Dueling statements create confusion over city manager's status

Dueling statements create confusion over city manager's status (WKRC)

CINCINNATI (WKRC) - Dueling statements from Cincinnati’s mayor and city manager on the latter’s status with the city created more confusion Tuesday in a situation that’s already murky.

Mayor John Cranley sent out a statement just before 5 p.m. Tuesday that stated: "The Mayor and City Manager had reached an agreement in principle for the City manager to exit City service.” Less than an hour later, city manager Harry Black sent a statement of his own saying that wasn’t true and that he’s “currently in communication with the Mayor and Council... and wants to serve as city manager as long as the Mayor and Council will have me.”

“What I have learned is that I can't trust much of what John Cranley has to say so if John says it's raining I gotta go look and see,” said council member Wendell Young, who has voiced support for Black. "The reality is John can offer whatever he wants. That's the way he bullies people but at the end of the day no matter what he offers Harry, if it's anything more than what he has coming, council will have to approve that."

Young said Black’s contract calls for an eight-month severance package. Cranley offered Black a two-year severance package, according to sources with knowledge of it. Council member Chris Seelbach tweeted Tuesday that Cranley doesn't have the five votes on council needed to fire Black or approve a two-year severance package.

"This is a crazy situation and it sounds to me like there was believed to be an agreement,” said Pete Witte, a Price Hill community leader and friend of Cranley. Witte said he believes it may be in the best interest of the city at this point for Black to leave.

‘My only concern now is what's the climate and the relationship inside city hall having this kind of rancor occur between the top two people running the city,” Witte said.

Earlier in the day, before the dueling statements on Black’s future were released, council member Tamaya Dennard said she didn't want Black to leave.

"I don't always agree with Harry Black and I want that to be known but I support him 100%,” said Dennard.

Council member Amy Murray said Tuesday she was waiting for more information before commenting.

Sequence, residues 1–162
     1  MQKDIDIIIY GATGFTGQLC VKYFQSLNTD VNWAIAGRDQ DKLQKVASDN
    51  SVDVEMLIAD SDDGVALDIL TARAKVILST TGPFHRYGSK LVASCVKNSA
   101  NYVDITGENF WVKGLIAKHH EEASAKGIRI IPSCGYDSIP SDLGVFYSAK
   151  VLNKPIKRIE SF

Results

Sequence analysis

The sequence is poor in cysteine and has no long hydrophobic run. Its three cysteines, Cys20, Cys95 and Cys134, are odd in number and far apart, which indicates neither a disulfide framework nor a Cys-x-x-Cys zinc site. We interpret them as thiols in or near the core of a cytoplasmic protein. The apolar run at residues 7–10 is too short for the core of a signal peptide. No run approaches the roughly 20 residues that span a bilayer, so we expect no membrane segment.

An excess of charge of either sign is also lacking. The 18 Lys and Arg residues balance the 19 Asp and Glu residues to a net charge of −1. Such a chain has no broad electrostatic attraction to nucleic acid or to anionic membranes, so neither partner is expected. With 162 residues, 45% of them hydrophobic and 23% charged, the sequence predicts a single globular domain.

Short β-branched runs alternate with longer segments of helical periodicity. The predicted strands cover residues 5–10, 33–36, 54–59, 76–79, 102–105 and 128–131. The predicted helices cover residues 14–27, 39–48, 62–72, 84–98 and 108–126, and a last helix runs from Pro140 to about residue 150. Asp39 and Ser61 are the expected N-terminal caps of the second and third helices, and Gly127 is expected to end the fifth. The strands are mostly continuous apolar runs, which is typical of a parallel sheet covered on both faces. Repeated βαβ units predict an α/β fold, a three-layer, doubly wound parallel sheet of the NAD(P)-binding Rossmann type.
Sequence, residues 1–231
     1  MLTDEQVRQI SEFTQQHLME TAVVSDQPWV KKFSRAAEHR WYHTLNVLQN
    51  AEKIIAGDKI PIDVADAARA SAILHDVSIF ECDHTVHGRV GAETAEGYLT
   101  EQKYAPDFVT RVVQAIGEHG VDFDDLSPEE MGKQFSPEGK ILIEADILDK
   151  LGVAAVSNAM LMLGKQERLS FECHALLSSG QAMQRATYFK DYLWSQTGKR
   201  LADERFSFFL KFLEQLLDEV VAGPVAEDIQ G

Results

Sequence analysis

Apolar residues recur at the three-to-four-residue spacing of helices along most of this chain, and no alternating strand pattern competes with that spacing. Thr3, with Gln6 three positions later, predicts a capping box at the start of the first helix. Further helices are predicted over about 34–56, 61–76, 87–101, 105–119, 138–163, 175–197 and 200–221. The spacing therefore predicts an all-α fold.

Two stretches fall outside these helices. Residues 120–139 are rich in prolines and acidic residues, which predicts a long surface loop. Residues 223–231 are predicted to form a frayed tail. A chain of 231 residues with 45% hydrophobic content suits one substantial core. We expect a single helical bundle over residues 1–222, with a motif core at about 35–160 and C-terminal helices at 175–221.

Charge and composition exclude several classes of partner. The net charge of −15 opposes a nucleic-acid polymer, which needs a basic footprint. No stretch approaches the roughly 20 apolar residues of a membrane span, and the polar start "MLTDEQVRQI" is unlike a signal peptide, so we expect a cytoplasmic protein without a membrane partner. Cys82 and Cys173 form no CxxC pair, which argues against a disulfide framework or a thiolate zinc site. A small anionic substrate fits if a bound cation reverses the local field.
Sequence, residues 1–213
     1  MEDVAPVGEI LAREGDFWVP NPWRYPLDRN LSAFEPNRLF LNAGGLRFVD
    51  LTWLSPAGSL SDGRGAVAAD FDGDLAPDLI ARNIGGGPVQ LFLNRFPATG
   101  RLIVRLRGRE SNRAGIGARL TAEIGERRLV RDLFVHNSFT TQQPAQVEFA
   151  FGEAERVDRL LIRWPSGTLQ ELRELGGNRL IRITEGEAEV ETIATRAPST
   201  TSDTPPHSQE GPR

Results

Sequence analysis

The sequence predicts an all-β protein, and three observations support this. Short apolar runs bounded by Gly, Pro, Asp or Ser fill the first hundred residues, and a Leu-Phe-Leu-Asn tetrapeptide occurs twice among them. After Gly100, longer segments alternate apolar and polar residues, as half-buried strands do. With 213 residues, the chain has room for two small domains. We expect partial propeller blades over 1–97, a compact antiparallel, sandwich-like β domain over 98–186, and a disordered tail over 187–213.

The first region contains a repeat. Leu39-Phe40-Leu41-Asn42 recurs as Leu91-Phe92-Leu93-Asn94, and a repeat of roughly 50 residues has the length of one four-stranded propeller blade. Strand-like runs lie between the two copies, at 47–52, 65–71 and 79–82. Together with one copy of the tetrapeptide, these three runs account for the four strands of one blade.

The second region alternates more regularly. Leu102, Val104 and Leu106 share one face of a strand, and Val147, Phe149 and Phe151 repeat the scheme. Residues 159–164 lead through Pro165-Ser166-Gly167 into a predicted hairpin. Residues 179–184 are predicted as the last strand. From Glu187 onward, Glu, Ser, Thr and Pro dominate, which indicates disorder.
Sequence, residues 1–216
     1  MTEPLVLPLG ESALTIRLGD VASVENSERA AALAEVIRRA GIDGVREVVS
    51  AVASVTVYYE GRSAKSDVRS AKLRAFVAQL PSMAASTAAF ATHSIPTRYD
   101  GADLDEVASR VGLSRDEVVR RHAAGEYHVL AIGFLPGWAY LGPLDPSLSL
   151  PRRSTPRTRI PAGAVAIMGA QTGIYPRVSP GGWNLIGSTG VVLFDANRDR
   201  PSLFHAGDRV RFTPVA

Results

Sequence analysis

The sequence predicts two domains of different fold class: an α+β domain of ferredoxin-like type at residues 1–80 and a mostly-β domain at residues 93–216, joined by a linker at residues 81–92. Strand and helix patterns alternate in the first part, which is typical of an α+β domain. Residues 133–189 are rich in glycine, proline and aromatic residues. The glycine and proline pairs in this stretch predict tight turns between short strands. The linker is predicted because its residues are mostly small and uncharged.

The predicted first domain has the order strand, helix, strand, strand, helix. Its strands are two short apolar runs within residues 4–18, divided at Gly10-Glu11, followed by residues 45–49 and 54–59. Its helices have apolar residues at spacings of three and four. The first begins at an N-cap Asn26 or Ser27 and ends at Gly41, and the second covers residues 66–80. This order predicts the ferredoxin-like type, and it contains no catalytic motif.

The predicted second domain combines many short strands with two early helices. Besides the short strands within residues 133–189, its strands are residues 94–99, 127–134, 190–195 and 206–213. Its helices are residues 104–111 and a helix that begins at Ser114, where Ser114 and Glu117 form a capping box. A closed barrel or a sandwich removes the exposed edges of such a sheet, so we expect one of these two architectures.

Sources said the relationship between Black and Cranley had not been good for several months. It reached a boiling point last week when Black supported the ouster of assistant police chief Dave Bailey.

Cincinnati Mayor John Cranley demanded the resignation of the city manager last Friday after a controversy erupted surrounding the ouster of the city’s most senior assistant police chief, according to sources at City Hall.

"The City and City Manager are working towards a mutually agreed upon departure agreement that will require Council approval," said the statement from the Mayor's office. "The Mayor and Manager expect that Council will act on this matter within one week. We believe that the City’s law department will present a settlement document to Council by Monday, March 19th."

The following is a statement from Mayor Cranley on Black's agreement:

Over the last 3.5 years it has been my pleasure to work collaboratively with Mr. Black in our efforts to stabilize the City’s finances;—including the passage of three structurally balanced budgets and an upgraded credit rating—improve our ability to deliver basics services through the Office of Performance and Data Analytics; and get our roads back to good through infrastructure investments. Assuming Council approves, I wish Mr. Black the best of luck in his future endeavors and I thank him for his service to the City of Cincinnati.

Assistant Police Chief Dave Bailey accepted a buyout last Friday, a day after he was given an ultimatum to resign or be fired. It came after an audit of police overtime was leaked to the Cincinnati Enquirer.

That audit revealed Captain Bridget Bardua received more than $82,000 in overtime in one year. A day before the audit was leaked, Capt. Bardua filed an Equal Employment Opportunity Commission complaint claiming Bailey was discriminating against her because she was a woman and supported Chief Isaac.

It’s not clear who leaked the audit, but Bailey denied doing so.

Chief Isaac sought to fire Bailey as City Manager Harry Black claimed there was a “rogue element of corruption” in the police department. Black supported the firing.

On Friday afternoon, sources said Mayor Cranley asked Black to resign during a meeting. Black’s office would not comment Friday about whether he was considering resigning or discussing some type of severance package.

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